Major human parasites and diseases they cause

Human parasites can inhabit all organ systems. The vital activity of helminths can be a prerequisite for the development of cancer, and microscopic fungi and mites lead to allergies.

The human body can be inhabited by at least 300 parasitic species, including representatives of bacteria, viruses, protozoa, microscopic fungi, helminths (parasitic worms) and individual arthropods. These organisms not only consume nutrients absorbed by the host, but also poison it with the products of their vital activity. In accordance with the cannons of modern medicine, the concept of the "parasite" does not apply to pre-nuclear (prokaryotic) organisms: bacteria and viruses. It characterizes protozoa, fungi, worms and arthropods that live in the host's body and live exclusively on it.


Human and animal organisms are a fertile environment for the life of microscopic fungi and protozoa. Not visible to the naked eye, they damage the skin and internal organs.

Parasitic protozoa

An infection caused by a protozoon is called a protozoon. Such diseases are widespread in both tropical areas and temperate latitudes. About 50 species of protozoa parasitize in human organs and tissues. You can become infected through sexual contact, food, or insect bites.

Giardiasis is very common. Up to 40% of children and 10% of adults have this pathology. The preferred habitat for lamblia is the small intestine. The disease can be accompanied by indigestion and allergic reactions, although it is often asymptomatic. The pathogen is transmitted through the digestive tract - with uncooked water and contaminated food.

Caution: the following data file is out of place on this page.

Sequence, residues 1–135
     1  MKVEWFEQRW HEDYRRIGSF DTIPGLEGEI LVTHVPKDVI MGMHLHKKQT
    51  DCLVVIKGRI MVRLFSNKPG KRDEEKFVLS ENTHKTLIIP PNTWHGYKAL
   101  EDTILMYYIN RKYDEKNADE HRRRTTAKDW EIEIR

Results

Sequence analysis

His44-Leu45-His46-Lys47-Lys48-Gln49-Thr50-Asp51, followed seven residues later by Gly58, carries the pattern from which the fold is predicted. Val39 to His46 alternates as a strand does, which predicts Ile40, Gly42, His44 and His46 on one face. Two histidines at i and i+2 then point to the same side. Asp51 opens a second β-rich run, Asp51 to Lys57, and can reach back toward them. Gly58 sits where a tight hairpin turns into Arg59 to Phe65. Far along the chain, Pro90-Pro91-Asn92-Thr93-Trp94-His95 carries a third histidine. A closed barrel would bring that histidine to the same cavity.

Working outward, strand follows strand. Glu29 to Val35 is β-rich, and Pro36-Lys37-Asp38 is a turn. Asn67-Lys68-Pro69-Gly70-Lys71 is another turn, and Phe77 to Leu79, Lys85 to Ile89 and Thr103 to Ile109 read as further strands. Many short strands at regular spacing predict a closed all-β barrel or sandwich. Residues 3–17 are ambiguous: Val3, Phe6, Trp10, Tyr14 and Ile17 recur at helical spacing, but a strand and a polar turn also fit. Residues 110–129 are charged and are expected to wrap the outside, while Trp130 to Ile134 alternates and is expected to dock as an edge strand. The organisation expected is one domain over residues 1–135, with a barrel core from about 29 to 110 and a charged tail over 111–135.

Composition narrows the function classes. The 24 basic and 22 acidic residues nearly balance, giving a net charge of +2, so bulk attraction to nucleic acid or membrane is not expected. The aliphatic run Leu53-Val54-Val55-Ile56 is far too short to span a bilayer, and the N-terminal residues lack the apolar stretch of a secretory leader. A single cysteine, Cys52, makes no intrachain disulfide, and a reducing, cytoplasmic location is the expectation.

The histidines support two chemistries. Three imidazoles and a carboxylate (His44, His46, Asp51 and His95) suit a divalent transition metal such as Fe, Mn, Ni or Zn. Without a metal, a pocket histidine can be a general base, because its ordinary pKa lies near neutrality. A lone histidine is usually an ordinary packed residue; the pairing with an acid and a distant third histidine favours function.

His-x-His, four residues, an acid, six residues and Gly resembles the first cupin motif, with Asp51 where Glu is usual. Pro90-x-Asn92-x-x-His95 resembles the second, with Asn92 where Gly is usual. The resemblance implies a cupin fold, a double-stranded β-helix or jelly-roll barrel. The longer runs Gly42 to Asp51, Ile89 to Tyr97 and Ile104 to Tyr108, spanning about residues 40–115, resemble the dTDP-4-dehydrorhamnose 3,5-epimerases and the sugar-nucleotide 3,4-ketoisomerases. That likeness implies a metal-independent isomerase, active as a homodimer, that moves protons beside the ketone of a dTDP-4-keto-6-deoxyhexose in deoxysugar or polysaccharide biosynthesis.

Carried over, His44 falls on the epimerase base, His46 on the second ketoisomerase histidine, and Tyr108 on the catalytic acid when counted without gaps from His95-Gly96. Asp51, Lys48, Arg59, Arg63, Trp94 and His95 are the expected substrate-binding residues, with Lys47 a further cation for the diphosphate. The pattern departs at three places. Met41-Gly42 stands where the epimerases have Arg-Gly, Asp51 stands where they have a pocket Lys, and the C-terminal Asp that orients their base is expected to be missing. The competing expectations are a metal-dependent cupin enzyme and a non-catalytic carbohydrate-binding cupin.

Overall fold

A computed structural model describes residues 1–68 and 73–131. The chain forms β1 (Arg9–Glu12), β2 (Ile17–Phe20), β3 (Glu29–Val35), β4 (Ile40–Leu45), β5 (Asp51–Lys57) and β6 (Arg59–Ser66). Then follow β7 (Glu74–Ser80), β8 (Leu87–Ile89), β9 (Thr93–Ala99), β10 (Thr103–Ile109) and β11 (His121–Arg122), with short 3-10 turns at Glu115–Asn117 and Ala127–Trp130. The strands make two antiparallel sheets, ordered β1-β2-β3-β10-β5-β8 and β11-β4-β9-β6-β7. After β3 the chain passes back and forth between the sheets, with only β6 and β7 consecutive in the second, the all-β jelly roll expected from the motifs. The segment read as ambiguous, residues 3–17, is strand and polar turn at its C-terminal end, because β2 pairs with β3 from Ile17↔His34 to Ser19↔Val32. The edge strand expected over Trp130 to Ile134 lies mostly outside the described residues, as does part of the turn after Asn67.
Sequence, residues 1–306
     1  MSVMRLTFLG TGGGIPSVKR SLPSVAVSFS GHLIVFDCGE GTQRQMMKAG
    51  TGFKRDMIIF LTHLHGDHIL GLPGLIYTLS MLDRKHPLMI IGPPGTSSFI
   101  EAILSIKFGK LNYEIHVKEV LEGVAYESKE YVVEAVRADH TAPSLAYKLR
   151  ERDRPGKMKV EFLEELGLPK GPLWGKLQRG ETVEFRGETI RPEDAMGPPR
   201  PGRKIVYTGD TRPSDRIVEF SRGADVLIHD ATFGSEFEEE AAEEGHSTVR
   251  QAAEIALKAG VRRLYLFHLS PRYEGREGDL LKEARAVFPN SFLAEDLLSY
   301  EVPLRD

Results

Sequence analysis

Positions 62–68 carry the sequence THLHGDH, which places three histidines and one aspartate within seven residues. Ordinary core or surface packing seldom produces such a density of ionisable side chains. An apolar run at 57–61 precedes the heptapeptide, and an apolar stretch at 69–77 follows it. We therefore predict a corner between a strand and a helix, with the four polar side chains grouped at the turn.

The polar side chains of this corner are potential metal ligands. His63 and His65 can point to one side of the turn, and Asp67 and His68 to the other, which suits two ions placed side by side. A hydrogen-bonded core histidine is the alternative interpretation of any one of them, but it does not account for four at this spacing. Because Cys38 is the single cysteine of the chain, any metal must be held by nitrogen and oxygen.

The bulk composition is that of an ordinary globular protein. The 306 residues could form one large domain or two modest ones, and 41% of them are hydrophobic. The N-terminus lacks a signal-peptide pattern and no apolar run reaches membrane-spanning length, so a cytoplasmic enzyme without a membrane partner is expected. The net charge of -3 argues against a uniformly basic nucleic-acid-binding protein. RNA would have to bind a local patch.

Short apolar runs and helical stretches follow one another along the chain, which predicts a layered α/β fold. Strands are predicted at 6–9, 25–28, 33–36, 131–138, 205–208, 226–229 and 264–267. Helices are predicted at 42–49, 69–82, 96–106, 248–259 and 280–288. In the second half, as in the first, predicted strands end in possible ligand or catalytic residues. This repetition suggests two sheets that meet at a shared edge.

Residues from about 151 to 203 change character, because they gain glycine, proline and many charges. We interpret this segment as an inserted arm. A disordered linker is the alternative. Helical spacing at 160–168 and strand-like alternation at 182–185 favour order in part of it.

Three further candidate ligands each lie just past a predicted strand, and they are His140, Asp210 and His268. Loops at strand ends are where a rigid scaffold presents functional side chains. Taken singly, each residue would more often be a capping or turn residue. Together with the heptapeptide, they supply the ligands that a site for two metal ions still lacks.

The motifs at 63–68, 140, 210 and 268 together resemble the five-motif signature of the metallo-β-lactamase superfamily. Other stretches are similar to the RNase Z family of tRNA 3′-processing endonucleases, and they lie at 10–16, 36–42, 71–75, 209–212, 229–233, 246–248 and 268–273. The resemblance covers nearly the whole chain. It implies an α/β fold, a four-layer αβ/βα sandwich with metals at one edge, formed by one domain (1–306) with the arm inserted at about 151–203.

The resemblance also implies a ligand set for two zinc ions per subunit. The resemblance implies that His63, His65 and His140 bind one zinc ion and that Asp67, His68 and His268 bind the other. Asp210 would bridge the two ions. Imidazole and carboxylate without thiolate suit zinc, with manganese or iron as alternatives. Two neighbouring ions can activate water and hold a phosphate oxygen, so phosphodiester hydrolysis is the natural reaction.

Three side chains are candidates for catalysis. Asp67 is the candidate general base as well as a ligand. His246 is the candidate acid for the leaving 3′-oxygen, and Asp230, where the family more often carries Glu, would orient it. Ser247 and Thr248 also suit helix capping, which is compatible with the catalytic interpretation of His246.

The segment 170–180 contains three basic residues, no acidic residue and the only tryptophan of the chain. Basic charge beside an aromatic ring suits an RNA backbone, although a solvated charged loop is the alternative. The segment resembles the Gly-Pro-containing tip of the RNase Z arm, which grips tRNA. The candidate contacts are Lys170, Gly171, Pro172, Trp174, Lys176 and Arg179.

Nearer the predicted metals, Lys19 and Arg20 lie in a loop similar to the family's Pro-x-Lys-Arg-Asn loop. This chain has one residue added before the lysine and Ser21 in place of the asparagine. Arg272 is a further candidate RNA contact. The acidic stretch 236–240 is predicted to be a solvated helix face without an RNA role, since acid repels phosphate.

According to various sources, 30 to 50% of the world's population is infected with toxoplasmosis. Its pathogen often lives in the host's organism without clinical manifestations. Toxoplasma poses the greatest danger to pregnant women: it causes intrauterine fetal death or severe malformations. The infection occurs through contact with domestic mammals (cats, rabbits, rodents) and through the consumption of undercooked meat.

The most common sexually transmitted infection is protozoa. That is trichomoniasis. Every year more than 150 million people are infected worldwide. The manifestations of the disease are determined by which organs are affected. In women, Trichomonas lives in the vagina and causes inflammation, accompanied by urethritis. In men, the protozoa affects the prostate, seminal vesicles, in severe cases leading to prostatitis, although more often the infection is asymptomatic.